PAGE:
The opinions expressed in this article are those of the author.
To put it in context briefly, solo travel for me has always been a source of inspiration, self-discovery and openness.
I was lucky enough to experience solo travel when I was 22 years old.
I started with Australia where I lived for 1 year. The proximity of this country to Asia and Oceania made me even more curious than I thought.
This is where my future as a solo traveller was taking shape, starting with the trip of my dreams, the Philippines. This second solo trip ended up being one of the best trips and memories of my life. I was just 23 years old and it was only the beginning.
From there, it was 2, then 3 and suddenly 5 solo trips that gave me a real lesson in life and self-actualization. I couldn't stop. I was no longer afraid of loneliness, distance did not matter to me and I trusted the unknown.
Now living in Canada, one of my idyllic trips was only a 6-hour flight away.
Well, I had never travelled to Central America before and the opportunity was there. To be perfectly honest, this time I was a bit apprehensive about the cartel areas in certain regions. But while I was careful and knowledgeable, my curiosity and desire to discover went against the unspoken words, articles and negative rumours I had found (much to my misfortune) about being a solo traveller in Mexico.
At the time, I felt quite alone in my idea of this trip. But I kept telling myself, "If I don't go, I'll never know and I'll regret it.
It didn't take long for me to get up the courage to go for it. I didn't know who to trust anymore, between those who knew the area perfectly and advised me to take a local taxi (much cheaper but more dangerous), or Uber which was my first choice without hesitating for the security of the price offered and the trust I had given them for all those years of services abroad (Philippines, Bali, Australia, Singapore, and so on...)
I went to Guadalajara, capital of the state of Jalisco, where I was staying in a youth hostel in the heart of the city centre which allowed me to roam around easily for my first 4 days in Mexico.
Note: I was in one of the least safe states of the country according to my sources so as night approached, I was advised to return to the hostel (which I did...)
I had therefore chosen to discover the festival so popular in Mexico: El Dia de los Muertos accompanied by a native guide from Guadalajara. My goal was not to walk in the cemeteries and make friends with the dead NO! El Dia de los Muertos had the power to remind me of the ephemeral nature of our existence and to learn about death through the lens of Mexican culture. But instead, I learned even more about life and how to live it.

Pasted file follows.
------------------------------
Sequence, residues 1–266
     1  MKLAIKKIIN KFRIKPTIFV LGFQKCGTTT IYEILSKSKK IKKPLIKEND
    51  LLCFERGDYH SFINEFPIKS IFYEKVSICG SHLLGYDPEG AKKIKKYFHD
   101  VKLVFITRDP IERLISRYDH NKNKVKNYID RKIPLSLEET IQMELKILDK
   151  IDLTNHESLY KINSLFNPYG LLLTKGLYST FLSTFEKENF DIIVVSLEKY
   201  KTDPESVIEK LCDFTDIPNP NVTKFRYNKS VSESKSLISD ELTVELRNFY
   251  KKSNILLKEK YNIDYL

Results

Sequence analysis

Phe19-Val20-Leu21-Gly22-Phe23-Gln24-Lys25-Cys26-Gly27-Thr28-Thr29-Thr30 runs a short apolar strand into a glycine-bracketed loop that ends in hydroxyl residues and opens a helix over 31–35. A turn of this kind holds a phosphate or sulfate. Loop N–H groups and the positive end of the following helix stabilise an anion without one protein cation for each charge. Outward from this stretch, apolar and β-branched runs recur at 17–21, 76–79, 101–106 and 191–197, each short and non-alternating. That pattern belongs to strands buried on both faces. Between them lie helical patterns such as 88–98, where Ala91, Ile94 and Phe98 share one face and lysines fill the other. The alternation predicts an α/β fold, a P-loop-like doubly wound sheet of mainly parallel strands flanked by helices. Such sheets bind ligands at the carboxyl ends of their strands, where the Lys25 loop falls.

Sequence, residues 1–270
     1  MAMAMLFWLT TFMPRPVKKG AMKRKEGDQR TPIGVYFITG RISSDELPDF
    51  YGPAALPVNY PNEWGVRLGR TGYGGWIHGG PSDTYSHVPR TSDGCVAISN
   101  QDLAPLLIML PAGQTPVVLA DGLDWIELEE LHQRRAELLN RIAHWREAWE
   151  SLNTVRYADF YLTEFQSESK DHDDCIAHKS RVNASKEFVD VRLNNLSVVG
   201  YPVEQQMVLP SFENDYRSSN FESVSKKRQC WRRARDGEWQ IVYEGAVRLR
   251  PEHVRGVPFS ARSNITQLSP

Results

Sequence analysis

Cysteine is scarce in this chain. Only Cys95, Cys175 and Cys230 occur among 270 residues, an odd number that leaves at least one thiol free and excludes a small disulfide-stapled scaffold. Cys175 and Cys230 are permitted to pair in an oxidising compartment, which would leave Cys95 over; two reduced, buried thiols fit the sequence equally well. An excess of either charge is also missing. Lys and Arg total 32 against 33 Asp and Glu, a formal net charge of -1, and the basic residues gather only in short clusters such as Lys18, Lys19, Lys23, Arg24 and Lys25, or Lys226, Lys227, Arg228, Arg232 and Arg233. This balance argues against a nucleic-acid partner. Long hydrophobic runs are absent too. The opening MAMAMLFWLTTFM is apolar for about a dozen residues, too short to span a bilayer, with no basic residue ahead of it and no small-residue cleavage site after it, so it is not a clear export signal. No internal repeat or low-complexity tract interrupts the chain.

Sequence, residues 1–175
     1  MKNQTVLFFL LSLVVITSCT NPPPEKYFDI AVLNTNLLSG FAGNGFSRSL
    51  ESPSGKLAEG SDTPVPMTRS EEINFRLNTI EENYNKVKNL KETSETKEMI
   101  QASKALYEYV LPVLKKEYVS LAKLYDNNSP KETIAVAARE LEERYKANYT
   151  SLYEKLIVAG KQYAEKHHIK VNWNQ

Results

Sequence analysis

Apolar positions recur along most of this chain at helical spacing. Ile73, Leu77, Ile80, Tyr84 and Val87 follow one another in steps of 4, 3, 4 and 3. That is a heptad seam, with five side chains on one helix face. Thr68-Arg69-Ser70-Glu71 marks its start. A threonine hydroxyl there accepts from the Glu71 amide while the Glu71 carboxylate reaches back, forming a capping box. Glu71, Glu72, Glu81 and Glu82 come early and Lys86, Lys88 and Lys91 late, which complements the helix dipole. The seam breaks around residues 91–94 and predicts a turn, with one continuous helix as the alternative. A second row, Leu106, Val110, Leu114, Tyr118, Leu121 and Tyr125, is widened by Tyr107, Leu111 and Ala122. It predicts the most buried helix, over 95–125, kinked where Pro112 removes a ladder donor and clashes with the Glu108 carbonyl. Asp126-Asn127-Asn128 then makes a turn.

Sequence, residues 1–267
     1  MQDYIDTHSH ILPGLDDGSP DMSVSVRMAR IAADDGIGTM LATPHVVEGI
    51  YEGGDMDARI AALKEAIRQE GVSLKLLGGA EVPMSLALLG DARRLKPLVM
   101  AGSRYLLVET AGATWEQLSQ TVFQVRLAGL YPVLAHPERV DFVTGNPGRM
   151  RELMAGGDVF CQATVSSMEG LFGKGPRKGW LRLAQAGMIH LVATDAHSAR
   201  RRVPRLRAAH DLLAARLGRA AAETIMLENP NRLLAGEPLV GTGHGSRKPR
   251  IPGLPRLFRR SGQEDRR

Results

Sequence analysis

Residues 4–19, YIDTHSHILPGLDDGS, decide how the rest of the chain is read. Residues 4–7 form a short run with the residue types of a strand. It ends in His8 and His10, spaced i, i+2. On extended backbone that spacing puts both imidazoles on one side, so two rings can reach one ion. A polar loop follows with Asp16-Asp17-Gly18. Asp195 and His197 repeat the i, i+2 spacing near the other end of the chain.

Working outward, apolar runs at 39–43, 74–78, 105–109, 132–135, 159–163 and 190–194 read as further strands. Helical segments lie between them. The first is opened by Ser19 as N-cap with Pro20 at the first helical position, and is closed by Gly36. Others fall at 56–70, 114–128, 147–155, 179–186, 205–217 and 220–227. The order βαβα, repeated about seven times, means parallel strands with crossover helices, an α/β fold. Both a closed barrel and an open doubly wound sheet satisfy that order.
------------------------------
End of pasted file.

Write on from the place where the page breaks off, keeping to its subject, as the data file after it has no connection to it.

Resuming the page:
Another thing that I would not have known elsewhere is the discovery of Tequila in its birthplace in TEQUILA, a 2 hour drive from Guadalajara, which I was able to book from my youth hostel.
A first assessment of my first 4 days in Mexico, unforgettable despite the pressure of having to return early in the evening! The only thing missing was the Yucatan region, the safest part of Mexico, to discover a little more about the Mayan culture. And suddenly I could walk alone in the evening, wander around and talk to people without being stared at. This time I was staying in a very authentic Hacienda close to the heart of the beautiful colonial city of Merida, capital of Yucatan and my starting point for the many excursions I had carefully prepared... With only one goal in mind: to organize my "day tour" by going off the beaten track of the too touristy places like Tulum, Cancun or Las Islas Mujeres: starting with Las Coloradas.
A small pink and turquoise blue paradise, 3 hours drive from Merida, immersed in a natural national park that I'm sure most of you didn't know about until then... That day, we were only 2 to make this excursion... Coincidence?
Tired of my days, I never stopped especially in the evening, discovering superb restaurants of the city where I could eat like a queen atypical dishes and stroll in the pretty alleys of Merida while immersing myself in the half-Mexican/half-Maya culture for the rest of my days.
Well, I couldn't leave Mexico without seeing one of the 7 wonders of the new world: Chichen Itza and El templo de Kukultan. A full day was waiting for me the day before my return to Canada and the 10°... I began it by the discovery of El pueblo Magicos, that is to say the city all in Yellow then by the bathing in a fabulous Cenote before really plunging me in the Maya culture towards Chichen Itza. Very touristic, I was rather disappointed by this place too much frequented by the locals and their souvenir stands. The entrance fee to the place is still 50€, not including a tax to buy in addition and since I was carrying my Go pro, I also had to add another 10€ to use it... So it smelled like mass tourism.
My day trip finally ended in the city of Valladolid where I visited the Mayan chocolate museum (a whole other taste to try) before heading back to Merida.
One thing I remember about this solo trip to Mexico is that, as in most of my trips, something unexpected always happens, often "out of my control"!
For this umpteenth solo trip, it was one of the best experiences of my life. I took a risk and it became my best ally. I didn't have any mishaps as my sources had predicted for a solo woman in a country said to be "too dangerous".
I am now more than happy to have discovered the kindness and benevolence of the Mexicans. I will never forget or regret taking the risk of travelling alone in Mexico. ☺
One should always follow one's instincts and take the plunge... As for me, I have become rich from these trips. The greatest gift of all.
I hope I have inspired most of you who were hesitant to go solo. I only have one piece of advice: never trust rumours or what you hear around you.
Rely on YOU!
See you soon for more solo adventures!